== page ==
Normally, non-smokers including vapers, are charged up to 50% less a year on their life insurance. This could equate to paying between $350 to $800 less a year, depending on other health related factors. However, health insurers in the United States, are following the Food and Drug Administration (FDA), in not considering e-cigarettes or vapes as cessation or harm-reduction tools, and insuring vapers as they would smokers.
“If you have any belief, even given all the uncertainties, that vaping can be a form of harm reduction, from a public-health and ethical standpoint, the answer to this question is obvious,” said Ronald Bayer, a professor of sociomedical sciences at Columbia. “People should be encouraged to go from one to the other, not discouraged.”
The Affordable Care Act
Under the Affordable Care Act, people who consume tobacco products and buy non-group health insurance face up to a 50% tobacco-use surcharge. Sadly, after August 2016 when the FDA obtained regulatory power over vaping products, the term “tobacco products” was inaccurately expanded to include the safer alternatives as well, despite the fact that they do not even contain tobacco.
Tobacco control expert Michael Ong, explained that from the point of view of a health insurer, it is difficult to differentiate between the two. “I think it would be hard for an insurance company to differentiate between electronic cigarettes and vaping versus traditional cigarette use,” said Ong. “While a survey question response might help, the traditional way of checking via cotinine levels [essentially the amount of nicotine in the body] wouldn’t be able to differentiate between the two products.”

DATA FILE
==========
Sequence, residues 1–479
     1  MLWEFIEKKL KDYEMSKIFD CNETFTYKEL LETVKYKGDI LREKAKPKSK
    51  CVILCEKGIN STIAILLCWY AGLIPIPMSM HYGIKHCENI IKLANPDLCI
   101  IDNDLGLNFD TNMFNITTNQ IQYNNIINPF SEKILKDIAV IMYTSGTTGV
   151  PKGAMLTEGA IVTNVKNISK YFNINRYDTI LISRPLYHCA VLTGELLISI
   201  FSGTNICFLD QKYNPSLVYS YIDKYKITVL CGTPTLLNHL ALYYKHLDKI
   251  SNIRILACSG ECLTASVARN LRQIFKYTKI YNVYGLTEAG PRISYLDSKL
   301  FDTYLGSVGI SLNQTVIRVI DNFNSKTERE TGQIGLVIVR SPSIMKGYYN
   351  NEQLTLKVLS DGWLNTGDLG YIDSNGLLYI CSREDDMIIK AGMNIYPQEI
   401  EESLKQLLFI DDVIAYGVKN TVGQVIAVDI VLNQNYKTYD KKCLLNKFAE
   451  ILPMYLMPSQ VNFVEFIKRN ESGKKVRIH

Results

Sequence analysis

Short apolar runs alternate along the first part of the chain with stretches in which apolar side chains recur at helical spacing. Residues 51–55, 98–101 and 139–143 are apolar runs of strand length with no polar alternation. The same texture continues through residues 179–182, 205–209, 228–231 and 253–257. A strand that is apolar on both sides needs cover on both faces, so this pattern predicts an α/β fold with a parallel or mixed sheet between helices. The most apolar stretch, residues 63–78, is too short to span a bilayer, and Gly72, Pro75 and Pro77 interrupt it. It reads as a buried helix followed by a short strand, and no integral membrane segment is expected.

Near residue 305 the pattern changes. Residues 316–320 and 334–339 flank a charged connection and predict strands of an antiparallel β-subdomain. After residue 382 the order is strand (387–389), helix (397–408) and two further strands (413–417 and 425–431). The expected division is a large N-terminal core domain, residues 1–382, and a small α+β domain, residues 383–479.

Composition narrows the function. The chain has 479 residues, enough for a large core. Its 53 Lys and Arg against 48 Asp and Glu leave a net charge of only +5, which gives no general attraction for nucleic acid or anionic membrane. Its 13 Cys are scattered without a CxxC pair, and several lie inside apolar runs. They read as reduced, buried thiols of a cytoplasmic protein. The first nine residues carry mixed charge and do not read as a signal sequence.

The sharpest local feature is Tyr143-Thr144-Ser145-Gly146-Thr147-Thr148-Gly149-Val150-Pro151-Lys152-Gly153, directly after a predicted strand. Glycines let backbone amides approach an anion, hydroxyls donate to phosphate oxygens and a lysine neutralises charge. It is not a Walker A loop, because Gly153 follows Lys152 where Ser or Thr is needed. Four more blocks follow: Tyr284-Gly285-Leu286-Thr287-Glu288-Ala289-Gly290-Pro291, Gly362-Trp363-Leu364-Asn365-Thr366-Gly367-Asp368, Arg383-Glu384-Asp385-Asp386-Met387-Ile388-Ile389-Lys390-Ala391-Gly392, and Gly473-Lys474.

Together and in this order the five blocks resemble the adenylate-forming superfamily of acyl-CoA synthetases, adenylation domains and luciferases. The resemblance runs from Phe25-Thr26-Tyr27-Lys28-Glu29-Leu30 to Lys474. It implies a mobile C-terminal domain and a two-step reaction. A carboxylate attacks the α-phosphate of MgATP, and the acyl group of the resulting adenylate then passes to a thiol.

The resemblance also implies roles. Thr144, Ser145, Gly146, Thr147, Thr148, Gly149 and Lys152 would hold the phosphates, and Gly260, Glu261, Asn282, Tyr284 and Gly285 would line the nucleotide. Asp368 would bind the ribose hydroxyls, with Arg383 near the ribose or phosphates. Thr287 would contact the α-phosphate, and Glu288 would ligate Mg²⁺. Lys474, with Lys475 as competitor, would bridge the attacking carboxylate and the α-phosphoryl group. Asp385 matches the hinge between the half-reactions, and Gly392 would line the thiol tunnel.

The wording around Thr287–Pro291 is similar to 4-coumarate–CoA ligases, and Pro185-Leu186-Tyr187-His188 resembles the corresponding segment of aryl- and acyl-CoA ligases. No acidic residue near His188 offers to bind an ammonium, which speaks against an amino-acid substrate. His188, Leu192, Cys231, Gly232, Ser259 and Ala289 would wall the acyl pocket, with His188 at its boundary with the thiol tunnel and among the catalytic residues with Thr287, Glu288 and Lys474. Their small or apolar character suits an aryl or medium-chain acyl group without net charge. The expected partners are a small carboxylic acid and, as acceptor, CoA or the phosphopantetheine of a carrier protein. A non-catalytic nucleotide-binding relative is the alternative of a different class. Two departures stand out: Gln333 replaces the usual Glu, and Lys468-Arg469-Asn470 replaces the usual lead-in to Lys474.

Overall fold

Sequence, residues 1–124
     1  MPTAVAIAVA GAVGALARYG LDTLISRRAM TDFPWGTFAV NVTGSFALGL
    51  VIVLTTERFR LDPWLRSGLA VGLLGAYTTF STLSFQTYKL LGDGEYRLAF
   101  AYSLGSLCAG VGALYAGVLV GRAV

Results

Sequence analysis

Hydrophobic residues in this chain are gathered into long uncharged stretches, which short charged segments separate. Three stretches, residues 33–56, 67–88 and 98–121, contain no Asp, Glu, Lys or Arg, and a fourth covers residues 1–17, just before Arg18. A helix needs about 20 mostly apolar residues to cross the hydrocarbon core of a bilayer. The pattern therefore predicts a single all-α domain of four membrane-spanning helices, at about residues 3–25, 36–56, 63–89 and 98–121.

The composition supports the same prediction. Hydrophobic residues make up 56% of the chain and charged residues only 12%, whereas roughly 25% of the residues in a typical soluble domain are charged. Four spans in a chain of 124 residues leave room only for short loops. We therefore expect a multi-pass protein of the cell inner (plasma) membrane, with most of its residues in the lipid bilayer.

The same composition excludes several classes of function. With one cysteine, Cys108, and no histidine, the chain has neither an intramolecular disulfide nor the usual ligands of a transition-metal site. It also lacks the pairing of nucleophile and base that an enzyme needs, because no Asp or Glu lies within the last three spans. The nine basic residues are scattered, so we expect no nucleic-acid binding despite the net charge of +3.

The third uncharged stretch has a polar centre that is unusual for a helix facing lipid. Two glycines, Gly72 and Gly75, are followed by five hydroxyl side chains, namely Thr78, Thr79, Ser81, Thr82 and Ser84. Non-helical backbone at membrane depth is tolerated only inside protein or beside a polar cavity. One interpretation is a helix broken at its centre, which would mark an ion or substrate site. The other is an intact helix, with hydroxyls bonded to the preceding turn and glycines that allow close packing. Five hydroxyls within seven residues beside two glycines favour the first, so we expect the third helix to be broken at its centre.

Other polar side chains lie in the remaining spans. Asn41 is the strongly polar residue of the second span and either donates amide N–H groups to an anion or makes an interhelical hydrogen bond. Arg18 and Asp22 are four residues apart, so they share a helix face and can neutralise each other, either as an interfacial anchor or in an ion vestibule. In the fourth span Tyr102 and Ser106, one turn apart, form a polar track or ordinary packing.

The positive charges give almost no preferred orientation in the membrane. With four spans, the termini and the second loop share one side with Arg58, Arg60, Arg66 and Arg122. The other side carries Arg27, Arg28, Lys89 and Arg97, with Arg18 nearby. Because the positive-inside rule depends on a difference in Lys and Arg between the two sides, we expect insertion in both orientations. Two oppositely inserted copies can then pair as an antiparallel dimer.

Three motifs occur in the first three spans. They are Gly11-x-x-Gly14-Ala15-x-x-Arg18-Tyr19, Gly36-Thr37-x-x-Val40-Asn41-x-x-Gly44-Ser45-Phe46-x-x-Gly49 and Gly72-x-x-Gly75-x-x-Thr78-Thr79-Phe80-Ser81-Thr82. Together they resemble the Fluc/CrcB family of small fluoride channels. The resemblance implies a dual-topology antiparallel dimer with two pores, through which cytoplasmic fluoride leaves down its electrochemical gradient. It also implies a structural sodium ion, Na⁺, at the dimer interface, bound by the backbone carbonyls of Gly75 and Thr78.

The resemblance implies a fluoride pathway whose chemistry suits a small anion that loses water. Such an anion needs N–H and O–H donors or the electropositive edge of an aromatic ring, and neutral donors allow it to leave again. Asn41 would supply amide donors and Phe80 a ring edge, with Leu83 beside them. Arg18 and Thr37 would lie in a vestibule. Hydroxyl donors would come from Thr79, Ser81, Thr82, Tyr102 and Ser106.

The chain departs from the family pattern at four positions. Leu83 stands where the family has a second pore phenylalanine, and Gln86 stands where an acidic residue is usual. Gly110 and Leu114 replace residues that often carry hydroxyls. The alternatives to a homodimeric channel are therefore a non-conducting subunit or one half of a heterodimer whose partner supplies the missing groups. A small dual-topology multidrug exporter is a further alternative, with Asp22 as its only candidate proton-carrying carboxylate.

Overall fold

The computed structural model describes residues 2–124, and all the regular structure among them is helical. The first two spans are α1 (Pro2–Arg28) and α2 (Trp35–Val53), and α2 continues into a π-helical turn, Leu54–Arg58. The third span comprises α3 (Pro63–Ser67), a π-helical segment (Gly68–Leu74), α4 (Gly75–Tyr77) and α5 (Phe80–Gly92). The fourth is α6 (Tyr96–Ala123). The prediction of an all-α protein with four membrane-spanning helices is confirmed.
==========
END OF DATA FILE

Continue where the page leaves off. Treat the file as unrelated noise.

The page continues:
E-cigarettes vs NRTs
Differentiating between cigarettes and vaping products, should be treated like differentiating between cigarettes and other NRTs such as patches and gum.
To this, many would of course respond that it would be as difficult to differentiate between cigarettes and vaping products, as it is to differentiate between cigarettes and other NRTs such as patches and gum. Assistant professor of economics at Georgia State University Michael Pesko, pointed out that e-cigarettes should be considered as cessation tools for long term smokers.
“Medicaid programs provide free use of other FDA-approved forms of nicotine replacement therapy like gum and patches,” said Pesko. “Would it be reasonable to consider subsidizing e-cigarettes for long-term smokers that haven’t quit smoking in another way? I think that’s a reasonable debate we could have.”
In response to the cases of “vape-related” lung disease, in 2019, Prudential, the fourth-largest life insurance company in the US, was the first to announce that vapers would be classified as regular smokers and charged as such.
“Prudential will reclassify users of e-cigarettes to treat them as smokers and in line with our cigarette smoking guidelines,” a company spokesman said. “Smokers typically will have higher-priced policies.”
UK insurance price comparison site
In 2019, Future Proof Insurance, launched the UK’s first ever price comparison site especially designed for vapers, in partnership with the UKVIA, of which Future Proof is a member. This site was designed to help e-cigarette users save thousands of pounds by giving them the option to list themselves as vapers, and give them access to tailored insurance packages accordingly.
“This is fantastic news for vapers all across the UK who will finally be given fair treatment. Not only are those who successfully switched in Stoptober being rewarded through improved health, but also life insurance that recognizes the change they’ve made,” said a UKVIA spokesperson at the time. So far there has been no mention of changes in insurance rates for vapers in the UK.
Read Further: Vice
US Insurance Company Will Treat Vapers As Smokers
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